Unsure whether you should buy the Samsung Galaxy S7 or the LG G5? Here's BIT's definitive opinion
Should you buy the Samsung Galaxy S7 or opt for the LG G5? Another year, another tricky decision on which flagship smartphone is worth your money.
Worry not, because Alphr has gone through the difficult decision process for you. We've weighed up which phone is best, comparing design, display, specifications, camera, battery life and more.
Neither phone is out just yet, although pre-orders are now open for two of this year's most exciting smartphones. Now's the time to sit back and mull over which one you want to pick up as your next smartphone.
Samsung Galaxy S7 vs LG G4: Design
Samsung's Galaxy S6 and S6 Edge were a world apart from the Galaxy phones that came before. They were curvaceous, premium and felt like a revolution for Samsung's mobile hardware. For the Galaxy S7, however, Samsung has decided to simply refine what came before.
Interestingly, Samsung has taken yet another leaf from Apple's book, producing a slightly smaller 5.1in S7 alongside the 5.5in Galaxy S7 Edge. Aside from a slight size difference and the Edge's curved display, both phones are identical. Buttons and ports are also in similar places to where they were on the S6.
LG, on the other hand, has given the G5 a complete overhaul. Thanks to the G5's new modular design, you'd be hard-pressed to believe the G4 and G5 were even related to one another.
While the G4 was stylish and solid, the G5 looks rather dull and – some may say – rather ugly. Fitting with its design ethos, the G5 certainly looks functional, but in doing so it loses a lot of the charm of its predecessor. Still, it's not all bad: the rear-mounted fingerprint reader feels great, and LG has finally moved the volume buttons from the phone's rear onto its side.
The G5 should also be commended for its innovative use of modular components and how it factors that seamlessly into the phone's design. In terms of pure aesthetics, though, there's only one winner here.
Winner: Samsung Galaxy S7
Samsung Galaxy S7 vs LG G4: Display
Samsung has long been known for excellent smartphone displays, and with the Galaxy S7 things are no different. It has a 5.1in Super AMOLED display with a 1,440 x 2,560 resolution – the same resolution found on the Galaxy S6. The S7 Edge sports the same resolution, but across a 5.5in screen.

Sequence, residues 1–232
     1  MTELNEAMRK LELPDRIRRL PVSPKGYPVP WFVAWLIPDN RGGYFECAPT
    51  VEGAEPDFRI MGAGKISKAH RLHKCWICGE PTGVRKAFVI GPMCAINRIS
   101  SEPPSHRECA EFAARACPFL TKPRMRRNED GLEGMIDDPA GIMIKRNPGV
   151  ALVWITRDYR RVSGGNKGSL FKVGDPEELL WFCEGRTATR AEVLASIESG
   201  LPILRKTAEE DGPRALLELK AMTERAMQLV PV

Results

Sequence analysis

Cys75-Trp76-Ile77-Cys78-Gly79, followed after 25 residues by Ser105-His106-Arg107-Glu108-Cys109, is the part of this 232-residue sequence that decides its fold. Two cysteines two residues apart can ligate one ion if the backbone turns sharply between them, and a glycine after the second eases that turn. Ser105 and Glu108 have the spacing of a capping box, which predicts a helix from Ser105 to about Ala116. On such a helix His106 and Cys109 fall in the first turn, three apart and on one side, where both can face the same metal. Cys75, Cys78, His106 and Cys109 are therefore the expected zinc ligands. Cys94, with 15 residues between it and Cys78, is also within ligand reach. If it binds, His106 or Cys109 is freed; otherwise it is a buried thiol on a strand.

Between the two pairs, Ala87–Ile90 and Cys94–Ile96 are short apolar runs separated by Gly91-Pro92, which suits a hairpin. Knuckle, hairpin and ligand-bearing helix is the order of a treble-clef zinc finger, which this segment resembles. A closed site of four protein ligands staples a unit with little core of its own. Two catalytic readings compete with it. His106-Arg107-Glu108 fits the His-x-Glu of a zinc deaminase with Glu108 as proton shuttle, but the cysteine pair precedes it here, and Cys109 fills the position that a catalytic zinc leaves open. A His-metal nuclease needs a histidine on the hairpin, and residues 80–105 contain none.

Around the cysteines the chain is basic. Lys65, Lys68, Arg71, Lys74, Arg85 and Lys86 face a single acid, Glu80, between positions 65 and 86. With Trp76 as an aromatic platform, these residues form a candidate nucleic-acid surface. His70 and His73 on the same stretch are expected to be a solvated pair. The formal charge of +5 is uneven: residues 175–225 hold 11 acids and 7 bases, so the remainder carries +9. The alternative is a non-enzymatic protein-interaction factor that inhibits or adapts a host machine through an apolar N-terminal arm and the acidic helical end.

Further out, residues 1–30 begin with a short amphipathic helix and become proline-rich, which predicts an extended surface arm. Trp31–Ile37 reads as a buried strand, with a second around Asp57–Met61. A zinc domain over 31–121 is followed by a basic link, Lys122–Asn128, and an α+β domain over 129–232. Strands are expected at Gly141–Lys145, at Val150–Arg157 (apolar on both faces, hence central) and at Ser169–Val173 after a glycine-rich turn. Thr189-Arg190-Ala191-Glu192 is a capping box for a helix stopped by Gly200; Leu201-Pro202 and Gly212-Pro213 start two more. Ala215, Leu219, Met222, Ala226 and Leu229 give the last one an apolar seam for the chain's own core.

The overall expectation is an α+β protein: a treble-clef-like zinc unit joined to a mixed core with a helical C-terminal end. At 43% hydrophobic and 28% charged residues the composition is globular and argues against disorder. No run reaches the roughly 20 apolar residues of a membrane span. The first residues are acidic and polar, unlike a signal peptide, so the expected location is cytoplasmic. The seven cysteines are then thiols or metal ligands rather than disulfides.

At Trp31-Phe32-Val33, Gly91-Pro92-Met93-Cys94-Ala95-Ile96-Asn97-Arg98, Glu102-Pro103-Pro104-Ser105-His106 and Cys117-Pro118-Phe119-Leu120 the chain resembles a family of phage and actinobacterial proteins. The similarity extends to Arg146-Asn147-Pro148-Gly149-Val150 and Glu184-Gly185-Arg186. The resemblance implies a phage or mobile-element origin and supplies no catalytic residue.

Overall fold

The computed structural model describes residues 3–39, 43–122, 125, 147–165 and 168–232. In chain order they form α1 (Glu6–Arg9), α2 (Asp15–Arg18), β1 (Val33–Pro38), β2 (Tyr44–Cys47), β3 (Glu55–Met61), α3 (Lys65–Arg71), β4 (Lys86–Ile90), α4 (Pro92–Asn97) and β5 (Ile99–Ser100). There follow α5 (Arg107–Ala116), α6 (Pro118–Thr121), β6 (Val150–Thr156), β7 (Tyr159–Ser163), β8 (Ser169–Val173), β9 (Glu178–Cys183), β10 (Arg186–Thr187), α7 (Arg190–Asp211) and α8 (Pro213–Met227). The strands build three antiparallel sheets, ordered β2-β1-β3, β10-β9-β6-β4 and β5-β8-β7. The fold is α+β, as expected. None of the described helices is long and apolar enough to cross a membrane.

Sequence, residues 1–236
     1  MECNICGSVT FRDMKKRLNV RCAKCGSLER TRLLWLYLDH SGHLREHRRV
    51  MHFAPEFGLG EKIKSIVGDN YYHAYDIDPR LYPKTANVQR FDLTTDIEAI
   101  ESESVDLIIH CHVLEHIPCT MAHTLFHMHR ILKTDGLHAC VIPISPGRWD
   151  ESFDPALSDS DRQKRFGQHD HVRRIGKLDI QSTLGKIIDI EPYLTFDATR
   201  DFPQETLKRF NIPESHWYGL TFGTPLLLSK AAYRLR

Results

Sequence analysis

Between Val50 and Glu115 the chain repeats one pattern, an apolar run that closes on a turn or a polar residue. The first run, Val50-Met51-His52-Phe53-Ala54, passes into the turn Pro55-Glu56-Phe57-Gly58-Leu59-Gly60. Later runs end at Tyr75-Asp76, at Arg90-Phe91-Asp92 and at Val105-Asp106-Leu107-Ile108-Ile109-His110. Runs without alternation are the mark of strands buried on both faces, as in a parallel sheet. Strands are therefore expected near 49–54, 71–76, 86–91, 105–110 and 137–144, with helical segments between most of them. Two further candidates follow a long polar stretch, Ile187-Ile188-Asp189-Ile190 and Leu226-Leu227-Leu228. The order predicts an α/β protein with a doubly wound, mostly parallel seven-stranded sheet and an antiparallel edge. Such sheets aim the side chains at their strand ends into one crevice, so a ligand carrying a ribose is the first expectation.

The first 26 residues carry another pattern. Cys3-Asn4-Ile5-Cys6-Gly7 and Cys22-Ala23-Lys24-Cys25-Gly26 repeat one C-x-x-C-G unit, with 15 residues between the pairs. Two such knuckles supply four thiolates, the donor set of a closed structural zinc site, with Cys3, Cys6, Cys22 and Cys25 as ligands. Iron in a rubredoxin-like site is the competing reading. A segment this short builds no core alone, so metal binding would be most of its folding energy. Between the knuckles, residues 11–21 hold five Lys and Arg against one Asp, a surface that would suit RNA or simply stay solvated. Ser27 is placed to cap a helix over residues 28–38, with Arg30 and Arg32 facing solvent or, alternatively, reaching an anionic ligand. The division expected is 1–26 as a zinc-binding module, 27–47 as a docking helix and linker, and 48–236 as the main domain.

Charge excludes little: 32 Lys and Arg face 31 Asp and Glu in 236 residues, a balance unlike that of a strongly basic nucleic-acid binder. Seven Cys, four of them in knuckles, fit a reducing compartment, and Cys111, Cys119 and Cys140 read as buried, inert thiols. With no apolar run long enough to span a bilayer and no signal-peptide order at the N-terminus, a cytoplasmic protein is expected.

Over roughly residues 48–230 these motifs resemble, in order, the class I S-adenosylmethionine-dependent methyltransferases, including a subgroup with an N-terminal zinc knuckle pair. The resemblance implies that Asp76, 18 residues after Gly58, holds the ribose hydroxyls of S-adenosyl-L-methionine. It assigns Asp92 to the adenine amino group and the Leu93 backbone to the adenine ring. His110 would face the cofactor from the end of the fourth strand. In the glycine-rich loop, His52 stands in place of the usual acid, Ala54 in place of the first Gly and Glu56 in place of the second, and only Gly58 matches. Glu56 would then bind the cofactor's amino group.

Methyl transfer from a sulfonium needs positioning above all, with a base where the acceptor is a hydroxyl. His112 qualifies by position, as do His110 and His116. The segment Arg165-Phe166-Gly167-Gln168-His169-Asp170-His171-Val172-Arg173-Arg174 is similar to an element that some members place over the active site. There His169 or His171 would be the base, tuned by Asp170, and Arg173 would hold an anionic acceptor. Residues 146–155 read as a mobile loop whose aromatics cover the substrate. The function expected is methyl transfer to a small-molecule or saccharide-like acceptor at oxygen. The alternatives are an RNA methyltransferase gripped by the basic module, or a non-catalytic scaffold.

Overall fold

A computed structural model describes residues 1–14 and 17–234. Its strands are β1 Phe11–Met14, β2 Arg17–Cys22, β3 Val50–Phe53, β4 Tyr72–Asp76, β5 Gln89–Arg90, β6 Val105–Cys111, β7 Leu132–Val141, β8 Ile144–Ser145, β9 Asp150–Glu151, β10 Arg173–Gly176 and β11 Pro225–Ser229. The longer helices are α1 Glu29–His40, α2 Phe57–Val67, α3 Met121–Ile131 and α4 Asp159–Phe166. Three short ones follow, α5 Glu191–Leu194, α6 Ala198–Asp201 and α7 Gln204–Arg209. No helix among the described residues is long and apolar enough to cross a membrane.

The LG G5 has decided to switch out the G4's curved 5.5in screen for a smaller 5.3in display. Don't worry, the resolution hasn't dropped, ensuring that its 1,440 x 2,560 screen is still super-sharp with a pixel density of 554ppi.
We'll be able to assess the LG G5 and Samsung Galaxy S7 screens for brightness and responsiveness when we get both in for review. Until then, we only have raw specifications to go off, and as both sport the same resolution (albeit the G5's is over a slightly larger area), it's too close to call.
Samsung Galaxy S7 vs LG G4: Specifications and performance
Rumours have it that Samsung's Galaxy S7 could feature two different processors upon release. Vodafone has indicated the S7 will run on Samsung's own Exynos 8890 chip – an evolution of the S6 processor – but there are murmurings that other territories will see S7s running on Qualcomm's Snapdragon 820.
The rest of the S7's specs are reasonably commonplace. It has 4GB of RAM, 32GB of storage space (with up to 200GB more via microSD), runs Android Marshmallow and has IP68 dust and water resistance too. It also has a 15% bigger battery, pushing the S6's 2,550mAh power pack to 3,000mAh – the S7 Edge goes even larger to 3,600mAh. The S7 also has watercooling functionality to help eke out even more from its CPU and GPU.
While the LG G5 is modular, its core specs won't change. Every G5 comes with a Snapdragon 820 processor, 4GB of RAM, 32GB of storage and a microSD slot, and a 2,800mAh removable battery. It also has a modular expansion slot, should you wish to add functionality via a bigger camera or audio module, or even snazzy VR glasses.
It's hard to know how each phone performs until the review units begin to appear at our desks. Until then, we'll have to go by raw specs, which are reasonably similar – but the LG G5 loses out on stock battery, watercooling and water resistance.
Winner: Samsung Galaxy S7
Samsung Galaxy S7 vs LG G4: Features
LG G5's key feature is how it allows you to add and remove components as you see fit. Want a bigger battery, more accurate camera controls or a better amplifier? Done. You can switch parts out to create a smartphone to suit your day.
Besides that, the G5 features a USB Type-C connector, another in the wave of handsets adopting the new reversible charging and data-transfer cable. It also features NFC, Bluetooth 4 and 802.11ac Wi-Fi, and runs LG's TouchWiz UI version of Android Marshmallow. It also boasts a low-power always-on display so you'll never miss a notification.
Interestingly, there's also a slew of companion devices that are designed to be controlled from the G5's screen. While these are separate purchases and don't come with the phone itself, they do show the versatility of LG's mobile hardware.